20 JANUARY 1961, Page 24

The Smartest Grave. By R. J. White. (Collins, 12s. 6d.)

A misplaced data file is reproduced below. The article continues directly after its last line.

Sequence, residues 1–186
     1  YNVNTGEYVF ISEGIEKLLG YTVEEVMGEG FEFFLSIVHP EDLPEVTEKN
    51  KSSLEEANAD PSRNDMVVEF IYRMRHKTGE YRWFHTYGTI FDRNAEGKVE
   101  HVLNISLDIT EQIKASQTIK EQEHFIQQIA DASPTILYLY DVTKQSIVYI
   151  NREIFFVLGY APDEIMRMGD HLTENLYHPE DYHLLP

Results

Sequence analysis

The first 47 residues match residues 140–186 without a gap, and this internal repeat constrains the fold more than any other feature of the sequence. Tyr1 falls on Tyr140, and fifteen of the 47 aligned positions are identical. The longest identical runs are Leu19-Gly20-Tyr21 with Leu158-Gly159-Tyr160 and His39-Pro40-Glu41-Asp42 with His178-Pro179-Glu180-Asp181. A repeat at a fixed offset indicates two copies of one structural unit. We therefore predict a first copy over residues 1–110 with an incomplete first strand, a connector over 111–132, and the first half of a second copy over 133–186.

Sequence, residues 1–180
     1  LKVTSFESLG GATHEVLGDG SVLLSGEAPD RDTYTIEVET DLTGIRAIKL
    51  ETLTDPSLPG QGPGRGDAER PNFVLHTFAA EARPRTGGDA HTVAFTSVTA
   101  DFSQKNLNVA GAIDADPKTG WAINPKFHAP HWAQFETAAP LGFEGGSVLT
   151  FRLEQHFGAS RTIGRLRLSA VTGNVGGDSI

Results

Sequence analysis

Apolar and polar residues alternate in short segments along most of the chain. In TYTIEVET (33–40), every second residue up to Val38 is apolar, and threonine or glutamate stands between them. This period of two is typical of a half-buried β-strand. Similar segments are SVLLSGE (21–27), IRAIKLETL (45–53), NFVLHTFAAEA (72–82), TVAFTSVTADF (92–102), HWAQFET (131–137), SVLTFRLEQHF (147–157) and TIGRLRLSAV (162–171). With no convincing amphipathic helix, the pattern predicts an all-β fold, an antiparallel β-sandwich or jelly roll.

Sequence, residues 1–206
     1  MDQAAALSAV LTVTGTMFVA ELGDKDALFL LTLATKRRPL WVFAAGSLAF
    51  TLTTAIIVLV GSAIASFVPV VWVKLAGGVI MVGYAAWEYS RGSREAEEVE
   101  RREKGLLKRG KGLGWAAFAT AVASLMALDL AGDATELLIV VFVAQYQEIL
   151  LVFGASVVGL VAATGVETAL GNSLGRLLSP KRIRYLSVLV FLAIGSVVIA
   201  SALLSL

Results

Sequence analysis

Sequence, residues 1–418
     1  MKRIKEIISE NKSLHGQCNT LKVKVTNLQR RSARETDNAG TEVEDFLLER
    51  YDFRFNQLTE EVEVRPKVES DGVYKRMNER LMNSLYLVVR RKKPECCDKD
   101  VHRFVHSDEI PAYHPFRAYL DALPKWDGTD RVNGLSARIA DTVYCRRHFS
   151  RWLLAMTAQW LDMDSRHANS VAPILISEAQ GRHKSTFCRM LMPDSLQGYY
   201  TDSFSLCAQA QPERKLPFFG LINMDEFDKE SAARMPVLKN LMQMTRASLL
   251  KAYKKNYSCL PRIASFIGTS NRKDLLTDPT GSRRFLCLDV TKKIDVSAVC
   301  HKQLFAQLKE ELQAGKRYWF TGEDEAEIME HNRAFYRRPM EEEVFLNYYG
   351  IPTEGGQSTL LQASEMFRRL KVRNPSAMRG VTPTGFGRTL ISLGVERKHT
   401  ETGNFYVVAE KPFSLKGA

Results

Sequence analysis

Many 'period' novels have been written around real murders, and the joint winner in Collins's crime-novel competition for dons is a fictionalised version of the Moat Farm Murder that sticks closely to Tennyson Jesse's account in the Notable Trials series. It is agreeaby read- able, but the characters are paper-thin, the plot is all too foreseeable, and the history-don author ought not to have people in 1903 being 'put in the picture' or described as 'the cat's whiskers.' The distinguished judges in this competition must have had a poor entry to pick from, for the other winner, Messages from Sirius, by Cecil Jenkins (Collins, 12s. 6d.), is one of those smart-aleck `contemporary' novels, with a television perfor- mer as victim and a night club as the setting; it is pretentiously written; fantastically far-fetched (the murderer announces further murders in letters to the Times); and inaccurate in detail (a reporter is described as writing his own headlines).